The Harding Icefield hike in Alaska easily makes our top 3 list of most memorable and wow-factor hikes. The hike starts from the foot of Exit Glacier just outside Seward and takes you to the top of the enormous Harding Icefield. Throughout the entire hike you have splendid views of Exit Glacier to your left. This hike left me amazed and full of gratitude.
First view of the glacier from the trail
The hike starts at the Exit Glacier visitor center. You follow the valley floor on a paved path, but soon take off from the paved path and start heading upwards. This part of the hike would have to be characterised as strenuous, the climb is not insignificant as you work you way up towards the tree line. But wow – as you start getting close to the tree line you forget all about it as the views of Exit Glacier is nothing less then spectacular. Also remember to look back when you hike upwards as you have beautiful views of the valley and river leading towards Seward.
Also check out: Seward – where the sea boils with silver
Lunch break at the Top of the Cliffs
Having passed the tree line you have completed the worst part of the climb and you can see the entire arm of Exit Glacier and start comprehending the size of Harding Icefield where Exit Glacier origins. This is an excellent spot for a lunch break. For many with limited time this is the turnaround point, but it is not the end of the trail. If you have set of the whole day for this hike I would highly recommend continuing. Hey – you have already completed the steepest part of the hike anyways.
Try looking for black bears up in the northern slopes. We spotted 3 of them during our lunch break. They were too far away to get any good photos, but as evidence for our observation I present the following photo of a black bear with her cub, can you see them? We did the hike in September and bears were moving to higher ground getting ready for hibernation.
Black bear and cub in the far distance
After lunch we continued on along the glacier for a while before the trail took us over a moonlike area consisting of moraine from the receding icefield. I can definitely imagine some rough weather up here on less nicer days. Ensure you have enough layers of clothing with you for cold and windy days. Towards the end of the moraine you reach an emergency shelter and at this point you are very close to the end of the trail.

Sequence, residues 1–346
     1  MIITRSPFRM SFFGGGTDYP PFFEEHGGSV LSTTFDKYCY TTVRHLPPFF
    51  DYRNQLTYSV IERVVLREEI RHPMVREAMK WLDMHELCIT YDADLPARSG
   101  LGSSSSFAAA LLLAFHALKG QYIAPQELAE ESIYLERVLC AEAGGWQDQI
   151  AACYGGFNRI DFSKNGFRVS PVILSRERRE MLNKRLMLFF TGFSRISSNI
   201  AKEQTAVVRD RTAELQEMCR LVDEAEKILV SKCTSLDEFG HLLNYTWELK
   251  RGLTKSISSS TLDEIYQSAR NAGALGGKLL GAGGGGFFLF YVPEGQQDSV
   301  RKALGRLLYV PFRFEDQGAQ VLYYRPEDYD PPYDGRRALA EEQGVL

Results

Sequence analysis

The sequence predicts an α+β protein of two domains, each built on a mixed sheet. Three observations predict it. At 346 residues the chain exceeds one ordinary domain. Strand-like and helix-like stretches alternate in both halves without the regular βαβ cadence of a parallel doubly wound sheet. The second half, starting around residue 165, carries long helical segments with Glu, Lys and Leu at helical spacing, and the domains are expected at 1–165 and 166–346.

Splendid Exit Glacier views
Hiking over moraine
At the end of the trail Harding Icefield reveals itself. There is ice as far as the eye can see. It brings you back in time and you can imagine how things looked like during the earlier ice ages. Of all the spectacular views on this hike this was my absolute favourite.
The enormous size of the icefield is almost impossible to imagine unless you are experiencing it, but I’ll give it a try. If you are looking at the photo below there are 3 persons in the picture. There is me off course, but further down in the background there are two persons who have walked closer to the icefield. They are a bit further to the left in the photo, you can just spot the tiny silhouette of them as they admire the icefield.
If that is not enough I have pulled some stats from Wiki: Harding Icefield is the largest icefield contained entirely within the United States with its 300 square miles / 777 square kms. If you include its 40 glaciers the number increase to 1100 square miles / 2849 square kms. That’s approximate the size of State of Rhode Island.
View over Harding Icefield from end of trail
We could have stayed much longer admiring the icefield, but the day was getting towards the end of the day and we had to start on the return. If you want to stay here overnight camping is allowed as long as you set up camp at least 1/8 mile from the trail on bare rock or snow. Camping in the emergency shelter is not allowed.
Hiking back over the moraine
View from the Top of the Cliffs
The hike back offers lovely views down the valley and I found it just as fulfilling as the hike up. I had been so focused on reaching the end of trail that I hadn’t taken time to look back on the way up, so I got a totally different perspective hiking back.
Elevation gain: 960m
Difficulty: Strenuous until you reach the Top of the Cliffs. Easy to Moderate the last stretch.
Source: National Park Service (click link for larger image)
If you are looking for more hiking ideas on Kenai Peninsula also check out our Skyline Trail hike.
Thanks for reading! Please leave a comment, we’d love to hear what you think. Have you been hiking in Alaska?
Additional resources: National Park Service – Exit Glacier and Harding Icefield Trail Condition